The last hanging in the country was that of Yakub Memom, who was convicted in the Bombay blasts case. Memon was executed in 2015. According to Project 39A of National Law University, Delhi, while trial courts handed out 102 death sentences in 2019, in the 27 cases heard in the apex court, 17 saw commutations and three acquittals while two were sent for a fresh trial.
The Delhi High Court in a late-night hearing held that the grounds raised by the counsel of the convicts, including that one of them is a juvenile, had already been dealt with by courts. A bench of Justice Manmohan and Justice Sanjeev Narula observed that the convicts’ pending pleas in various courts and fora as a ground to stay execution was untenable in law
Standing Counsel (Criminal) Rahul Mehra, appearing for the Delhi government and Tihar jail authorities, opposed their appeal and urged the High Court to dismiss it so that “the execution for tomorrow (Friday) may be upheld”.
Prior to this, a lower court had dismissed the petition too.
Following the HC order, the counsel of three of the four convicts, advocate AP Singh, approached the Supreme Court registrar seeking stay on the execution.
Singh claimed that one of the convict’s petitions was pending before the Lieutenant Governor. Arguing for Pawan, the counsel said, “Why are jail authorities not waiting for the decision of the Lieutenant Governor?”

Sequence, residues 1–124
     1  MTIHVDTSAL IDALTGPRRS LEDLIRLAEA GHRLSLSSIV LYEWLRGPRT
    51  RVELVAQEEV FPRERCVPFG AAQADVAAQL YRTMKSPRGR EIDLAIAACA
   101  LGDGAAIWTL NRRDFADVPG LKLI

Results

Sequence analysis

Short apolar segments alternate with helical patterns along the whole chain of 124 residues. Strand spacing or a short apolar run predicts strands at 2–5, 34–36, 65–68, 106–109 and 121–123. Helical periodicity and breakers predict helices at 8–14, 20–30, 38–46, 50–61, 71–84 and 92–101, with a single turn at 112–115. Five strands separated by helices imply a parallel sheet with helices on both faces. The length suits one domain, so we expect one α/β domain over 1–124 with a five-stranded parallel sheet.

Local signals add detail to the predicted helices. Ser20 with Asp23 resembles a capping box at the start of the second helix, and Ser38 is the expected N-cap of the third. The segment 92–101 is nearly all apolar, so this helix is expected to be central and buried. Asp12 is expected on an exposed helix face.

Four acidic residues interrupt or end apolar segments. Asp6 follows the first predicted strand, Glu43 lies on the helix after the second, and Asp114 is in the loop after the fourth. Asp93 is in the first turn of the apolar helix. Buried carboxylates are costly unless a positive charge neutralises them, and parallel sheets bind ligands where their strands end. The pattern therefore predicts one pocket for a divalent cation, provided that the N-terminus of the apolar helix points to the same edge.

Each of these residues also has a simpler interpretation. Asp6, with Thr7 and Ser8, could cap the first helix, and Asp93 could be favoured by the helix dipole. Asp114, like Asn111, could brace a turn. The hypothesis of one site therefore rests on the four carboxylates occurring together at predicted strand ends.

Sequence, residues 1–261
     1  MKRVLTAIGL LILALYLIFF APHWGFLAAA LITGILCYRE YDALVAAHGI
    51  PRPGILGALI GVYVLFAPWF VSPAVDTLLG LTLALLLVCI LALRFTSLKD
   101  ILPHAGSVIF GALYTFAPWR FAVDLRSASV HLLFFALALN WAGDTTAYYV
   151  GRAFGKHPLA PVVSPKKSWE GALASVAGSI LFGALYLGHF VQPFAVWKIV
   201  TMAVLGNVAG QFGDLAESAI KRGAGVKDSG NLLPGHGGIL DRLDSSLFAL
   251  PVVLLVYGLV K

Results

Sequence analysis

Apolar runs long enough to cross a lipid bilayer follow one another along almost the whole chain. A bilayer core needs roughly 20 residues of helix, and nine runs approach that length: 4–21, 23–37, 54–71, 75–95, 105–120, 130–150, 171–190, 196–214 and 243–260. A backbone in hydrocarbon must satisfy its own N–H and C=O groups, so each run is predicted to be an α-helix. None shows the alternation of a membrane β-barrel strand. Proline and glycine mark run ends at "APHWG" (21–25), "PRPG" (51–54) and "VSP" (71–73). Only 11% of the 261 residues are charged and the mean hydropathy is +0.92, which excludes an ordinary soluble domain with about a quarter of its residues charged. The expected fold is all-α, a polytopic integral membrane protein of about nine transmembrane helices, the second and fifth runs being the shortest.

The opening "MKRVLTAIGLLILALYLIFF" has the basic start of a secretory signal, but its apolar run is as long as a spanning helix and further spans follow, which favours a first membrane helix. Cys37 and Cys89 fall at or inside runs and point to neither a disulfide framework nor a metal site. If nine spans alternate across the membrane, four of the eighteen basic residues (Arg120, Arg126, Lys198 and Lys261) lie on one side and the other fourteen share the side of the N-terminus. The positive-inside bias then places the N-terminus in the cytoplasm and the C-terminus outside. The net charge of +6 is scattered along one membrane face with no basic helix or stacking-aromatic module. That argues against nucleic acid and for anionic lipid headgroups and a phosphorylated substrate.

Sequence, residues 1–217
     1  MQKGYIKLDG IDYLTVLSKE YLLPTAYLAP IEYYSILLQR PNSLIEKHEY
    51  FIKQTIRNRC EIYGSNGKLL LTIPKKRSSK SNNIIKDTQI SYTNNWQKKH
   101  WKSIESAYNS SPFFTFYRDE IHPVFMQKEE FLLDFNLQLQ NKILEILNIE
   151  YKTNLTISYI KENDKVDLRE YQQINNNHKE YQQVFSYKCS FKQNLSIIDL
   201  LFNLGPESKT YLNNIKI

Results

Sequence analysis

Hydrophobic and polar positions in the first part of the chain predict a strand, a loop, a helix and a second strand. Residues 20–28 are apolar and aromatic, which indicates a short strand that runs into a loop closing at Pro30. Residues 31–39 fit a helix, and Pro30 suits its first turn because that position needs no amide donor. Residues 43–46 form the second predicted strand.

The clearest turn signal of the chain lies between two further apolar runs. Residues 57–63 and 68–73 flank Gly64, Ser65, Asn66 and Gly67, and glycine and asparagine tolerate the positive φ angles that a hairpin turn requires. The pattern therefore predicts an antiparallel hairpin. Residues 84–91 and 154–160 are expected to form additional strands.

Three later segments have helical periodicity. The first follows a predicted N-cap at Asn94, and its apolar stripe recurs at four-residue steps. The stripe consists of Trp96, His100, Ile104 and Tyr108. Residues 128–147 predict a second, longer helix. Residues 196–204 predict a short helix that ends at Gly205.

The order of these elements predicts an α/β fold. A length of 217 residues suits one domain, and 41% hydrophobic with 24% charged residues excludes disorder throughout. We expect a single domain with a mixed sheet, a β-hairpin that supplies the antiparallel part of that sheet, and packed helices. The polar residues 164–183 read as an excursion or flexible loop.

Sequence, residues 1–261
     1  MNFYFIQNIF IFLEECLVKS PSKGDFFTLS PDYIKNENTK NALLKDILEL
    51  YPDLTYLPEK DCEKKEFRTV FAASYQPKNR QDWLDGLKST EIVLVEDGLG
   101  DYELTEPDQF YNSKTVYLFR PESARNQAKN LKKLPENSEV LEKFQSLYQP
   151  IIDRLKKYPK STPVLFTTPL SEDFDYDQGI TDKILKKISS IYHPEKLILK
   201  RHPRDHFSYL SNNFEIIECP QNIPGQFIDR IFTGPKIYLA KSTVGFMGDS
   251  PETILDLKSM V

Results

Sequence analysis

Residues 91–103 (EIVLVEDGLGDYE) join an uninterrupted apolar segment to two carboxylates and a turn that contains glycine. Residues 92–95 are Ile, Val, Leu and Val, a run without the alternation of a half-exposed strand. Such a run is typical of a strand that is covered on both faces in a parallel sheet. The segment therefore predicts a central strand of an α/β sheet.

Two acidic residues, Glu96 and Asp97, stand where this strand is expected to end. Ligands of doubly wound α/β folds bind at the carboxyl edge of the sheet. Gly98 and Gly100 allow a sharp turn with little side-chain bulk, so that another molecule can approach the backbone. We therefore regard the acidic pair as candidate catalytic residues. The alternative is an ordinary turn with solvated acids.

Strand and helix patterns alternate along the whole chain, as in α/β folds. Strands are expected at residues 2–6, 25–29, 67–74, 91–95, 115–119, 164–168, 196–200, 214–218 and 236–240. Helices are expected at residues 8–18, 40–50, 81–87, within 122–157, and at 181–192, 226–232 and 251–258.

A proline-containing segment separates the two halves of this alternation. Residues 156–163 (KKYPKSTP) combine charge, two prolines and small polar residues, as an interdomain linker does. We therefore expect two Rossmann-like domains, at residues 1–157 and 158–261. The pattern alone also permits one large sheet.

Pawan’s counsel also argued that his client may have been bullied by others. “One convict of these four may not have been party to a premeditated crime. He may have committed rape but may not have been party to a conspiracy to murder. He may have only been bullied by others who were senior to him,” he said.
The top court, however, dismissed the plea. “We are not inclined. So far as juvenility is concerned, we already heard it. Other grounds, you raised it in other matters. Allow us to pass order,” Justice Banumathi said
In September 2013, a fast-track court held the four guilty of 13 offences, including gangrape, unnatural sexual assault, and murder of the woman, and attempt to murder her male friend. The decision was upheld by the Delhi High Court in March 2014 and by the Supreme Court in May 2017.
EXPLAINED | The rights of a death row convict
In July 2018, the Supreme Court dismissed the petitions of three of the convicts seeking review of its 2017 judgment, upholding the capital punishment given to them by the Delhi High Court and the trial court.
As the youth erupted into widespread protests and held candlelight marches across all major cities in India demanding the death penalty for the rapists, the government set up a high-level committee under retired Chief Justice of India Justice J S Verma to suggest recommendations for laying the foundations of a new and stricter rape law.
The committee released its report within a month, and within two months, the government enacted the Criminal Law Amendment Act, 2013, which brought in significant changes in the then existing rape laws. A broadened definition of rape and stringent punishment were the key features of the new law. It did not recommend the death penalty but stipulated imprisonment for the remainder of the convict’s life. In cases of repeat offenders, the law stipulated the death penalty.